The military has long relied on the highly-trained sniper calculating his shot with minimal tools to keep it real for field work. Law enforcement agencies have also invested many hours of training so their snipers can master mil dots or other reticle-ranging systems to make accurate shots with minimal use of electronic aids.
A technology company based in Austin, Texas, hopes to change this status quo.
Tracking Point Innovations has mounted "smart" aiming technology to a custom rifle that includes a computerized 6-35X telescopic scope with heads-up display (HUD) linked to a "guided trigger," Wi-Fi server, microphone, compass, laser range finder, inertial measurement, ballistic calculator, tracking engine, and environmental sensors.
The technology enables operators to lock on a target and record a video of everything on the display with the help of an iPad or smart phone. The company boasts hits out to 1,200 yards every time. The complete package including a rifle and custom precision ammunition starts at $22,500!
Does the highly technical "smart" Tracking Point system mark a milestone breakthrough for LE and the avid hunter? When I questioned county and city SWAT operators, they responded with, "Maybe" and "We'll see."
Today's SWAT operator is highly technical and cross-trained in different operational areas that require many hours of training to maintain their certifications and proficiency. Their initial concerns about a "smart" rifle system fell into a few areas. First, will it hold up under hard use and then work as designed when they need it? So it can improve the hit-to-miss ratio. Great, but is it worth it at that price tag? A SWAT sniper rifle dressed out typically costs between $5,000 and $7,000, and most LE agencies work on a fairly tight budget these days.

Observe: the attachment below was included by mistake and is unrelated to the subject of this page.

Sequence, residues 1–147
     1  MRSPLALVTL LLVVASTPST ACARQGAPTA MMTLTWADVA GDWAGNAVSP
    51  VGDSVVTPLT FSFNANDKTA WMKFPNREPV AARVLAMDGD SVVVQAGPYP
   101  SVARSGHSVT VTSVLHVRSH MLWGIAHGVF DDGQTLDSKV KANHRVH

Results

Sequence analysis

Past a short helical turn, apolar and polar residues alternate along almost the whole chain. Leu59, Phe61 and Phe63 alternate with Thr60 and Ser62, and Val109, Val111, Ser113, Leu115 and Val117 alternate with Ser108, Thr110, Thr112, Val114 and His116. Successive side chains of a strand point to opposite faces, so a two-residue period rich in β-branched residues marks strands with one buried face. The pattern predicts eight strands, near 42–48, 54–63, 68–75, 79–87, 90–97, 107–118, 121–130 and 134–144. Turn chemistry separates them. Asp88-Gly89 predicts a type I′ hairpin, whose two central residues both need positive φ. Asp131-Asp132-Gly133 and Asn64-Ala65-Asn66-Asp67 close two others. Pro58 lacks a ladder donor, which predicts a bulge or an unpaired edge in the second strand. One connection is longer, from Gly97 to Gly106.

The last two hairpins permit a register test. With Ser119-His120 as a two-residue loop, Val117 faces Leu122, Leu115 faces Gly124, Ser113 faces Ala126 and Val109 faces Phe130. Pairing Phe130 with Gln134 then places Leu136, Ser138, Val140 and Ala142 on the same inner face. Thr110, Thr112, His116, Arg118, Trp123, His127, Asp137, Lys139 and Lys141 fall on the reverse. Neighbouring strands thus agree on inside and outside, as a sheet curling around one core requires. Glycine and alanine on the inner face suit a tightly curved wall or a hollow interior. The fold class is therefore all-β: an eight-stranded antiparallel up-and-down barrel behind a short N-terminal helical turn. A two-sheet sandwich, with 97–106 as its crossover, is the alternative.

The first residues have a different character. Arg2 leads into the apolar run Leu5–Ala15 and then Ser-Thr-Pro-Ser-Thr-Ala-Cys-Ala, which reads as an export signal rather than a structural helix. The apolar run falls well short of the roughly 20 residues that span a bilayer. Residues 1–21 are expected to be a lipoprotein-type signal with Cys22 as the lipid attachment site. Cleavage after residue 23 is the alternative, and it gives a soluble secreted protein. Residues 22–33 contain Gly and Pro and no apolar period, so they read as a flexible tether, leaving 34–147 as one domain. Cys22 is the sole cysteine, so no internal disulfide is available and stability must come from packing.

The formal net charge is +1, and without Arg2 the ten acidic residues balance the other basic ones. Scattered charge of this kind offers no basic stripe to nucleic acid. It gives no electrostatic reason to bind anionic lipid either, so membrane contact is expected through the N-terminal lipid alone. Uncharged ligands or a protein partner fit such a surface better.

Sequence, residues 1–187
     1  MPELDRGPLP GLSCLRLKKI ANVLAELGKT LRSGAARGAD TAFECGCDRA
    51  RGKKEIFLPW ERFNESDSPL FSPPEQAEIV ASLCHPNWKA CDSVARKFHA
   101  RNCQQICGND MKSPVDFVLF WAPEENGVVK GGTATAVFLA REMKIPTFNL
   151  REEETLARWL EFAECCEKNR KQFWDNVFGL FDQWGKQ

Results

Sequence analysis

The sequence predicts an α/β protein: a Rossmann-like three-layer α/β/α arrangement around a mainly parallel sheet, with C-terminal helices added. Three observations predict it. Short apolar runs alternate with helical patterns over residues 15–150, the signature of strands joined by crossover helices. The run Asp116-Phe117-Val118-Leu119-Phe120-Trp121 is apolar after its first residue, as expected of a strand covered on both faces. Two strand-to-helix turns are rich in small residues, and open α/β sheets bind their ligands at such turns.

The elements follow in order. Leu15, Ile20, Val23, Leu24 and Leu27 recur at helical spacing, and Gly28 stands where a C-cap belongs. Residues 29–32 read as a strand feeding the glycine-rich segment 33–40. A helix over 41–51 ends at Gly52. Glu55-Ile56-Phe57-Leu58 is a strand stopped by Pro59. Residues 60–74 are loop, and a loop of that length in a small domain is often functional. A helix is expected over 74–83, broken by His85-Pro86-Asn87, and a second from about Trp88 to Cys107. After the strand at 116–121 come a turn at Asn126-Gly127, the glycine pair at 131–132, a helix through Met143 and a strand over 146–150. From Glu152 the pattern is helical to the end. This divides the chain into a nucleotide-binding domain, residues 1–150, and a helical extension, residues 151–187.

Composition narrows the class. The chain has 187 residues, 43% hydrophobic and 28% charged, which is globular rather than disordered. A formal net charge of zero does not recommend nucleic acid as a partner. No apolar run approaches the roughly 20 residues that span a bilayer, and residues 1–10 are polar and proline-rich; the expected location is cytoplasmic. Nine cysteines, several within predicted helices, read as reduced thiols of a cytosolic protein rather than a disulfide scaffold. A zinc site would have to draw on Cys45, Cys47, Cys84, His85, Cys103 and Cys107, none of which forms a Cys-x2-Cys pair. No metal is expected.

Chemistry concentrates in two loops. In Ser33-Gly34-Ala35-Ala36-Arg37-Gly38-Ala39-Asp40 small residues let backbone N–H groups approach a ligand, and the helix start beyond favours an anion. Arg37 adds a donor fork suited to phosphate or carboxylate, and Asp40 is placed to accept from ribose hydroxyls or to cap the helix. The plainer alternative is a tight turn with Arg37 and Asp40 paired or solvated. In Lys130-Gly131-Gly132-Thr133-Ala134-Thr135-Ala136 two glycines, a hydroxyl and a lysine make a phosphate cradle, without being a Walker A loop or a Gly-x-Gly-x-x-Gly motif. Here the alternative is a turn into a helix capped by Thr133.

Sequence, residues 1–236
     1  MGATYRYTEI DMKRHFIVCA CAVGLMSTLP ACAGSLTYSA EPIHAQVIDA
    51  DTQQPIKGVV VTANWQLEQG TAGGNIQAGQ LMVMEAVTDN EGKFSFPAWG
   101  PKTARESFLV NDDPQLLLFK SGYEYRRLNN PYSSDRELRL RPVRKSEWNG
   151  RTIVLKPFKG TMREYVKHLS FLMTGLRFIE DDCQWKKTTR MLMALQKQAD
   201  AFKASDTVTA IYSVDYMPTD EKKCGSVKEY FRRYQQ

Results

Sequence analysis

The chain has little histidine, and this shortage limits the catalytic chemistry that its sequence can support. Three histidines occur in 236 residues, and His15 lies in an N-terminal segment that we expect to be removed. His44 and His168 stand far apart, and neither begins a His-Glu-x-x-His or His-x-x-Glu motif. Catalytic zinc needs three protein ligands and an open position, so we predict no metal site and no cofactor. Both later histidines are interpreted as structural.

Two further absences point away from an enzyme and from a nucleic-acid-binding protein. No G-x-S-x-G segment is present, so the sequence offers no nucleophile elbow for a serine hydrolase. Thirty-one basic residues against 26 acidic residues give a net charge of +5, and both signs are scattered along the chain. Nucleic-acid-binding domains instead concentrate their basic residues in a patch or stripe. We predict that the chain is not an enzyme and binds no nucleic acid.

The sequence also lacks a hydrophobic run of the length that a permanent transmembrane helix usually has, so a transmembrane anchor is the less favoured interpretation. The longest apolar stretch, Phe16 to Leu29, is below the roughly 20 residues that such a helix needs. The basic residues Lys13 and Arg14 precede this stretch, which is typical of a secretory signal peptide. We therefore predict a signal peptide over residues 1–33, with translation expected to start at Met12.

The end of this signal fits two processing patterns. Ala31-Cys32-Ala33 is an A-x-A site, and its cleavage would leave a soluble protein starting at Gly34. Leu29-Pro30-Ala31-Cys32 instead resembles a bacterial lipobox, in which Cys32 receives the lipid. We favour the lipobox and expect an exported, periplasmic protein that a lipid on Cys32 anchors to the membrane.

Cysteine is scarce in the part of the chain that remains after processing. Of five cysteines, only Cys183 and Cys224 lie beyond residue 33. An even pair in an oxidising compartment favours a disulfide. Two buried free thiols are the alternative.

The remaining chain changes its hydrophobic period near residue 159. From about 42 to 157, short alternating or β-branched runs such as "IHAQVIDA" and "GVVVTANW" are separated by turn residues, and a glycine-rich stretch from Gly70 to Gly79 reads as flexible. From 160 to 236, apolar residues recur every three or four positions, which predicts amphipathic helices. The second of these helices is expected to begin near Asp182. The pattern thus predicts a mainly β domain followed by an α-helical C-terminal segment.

While a SWAT sniper's typical engagement distance is less than 100 yards, there is always the chance of a miss during a critical moment. A missed shot in a critical police operation can result in several disastrous outcomes, especially when hostages are involved. This "smart" optic will not let you break the shot until the threat is aligned with the system's optics technology unless manually switched off. Again these are issues to weigh out before a "smart" rifle moves into the "got to have it" column.
Would a complete video of the shot be something beneficial to police personnel? In today's environment, a video of almost any police action is typically captured from different media sources including the public's many cell phones that often don't accurately represent the officer's point of view. In-car police video has been a double-edged sword that's mostly benefitted law enforcement. The graphic nature of a sniper shot could be disconcerting for the viewing public regardless of the circumstances.
If the $22,500 staring price is too high for police agencies, perhaps they would consider the less-expensive Inteliscope Tactical Rifle Adapter that turns your iPhone or iPod touch into a heads-up display with many of the same features as the Xact System. The Inteliscope app costs less than $100. You may not get the same long-range target lock accuracy but you can experience a similar smart-rifle system without the hefty price tag.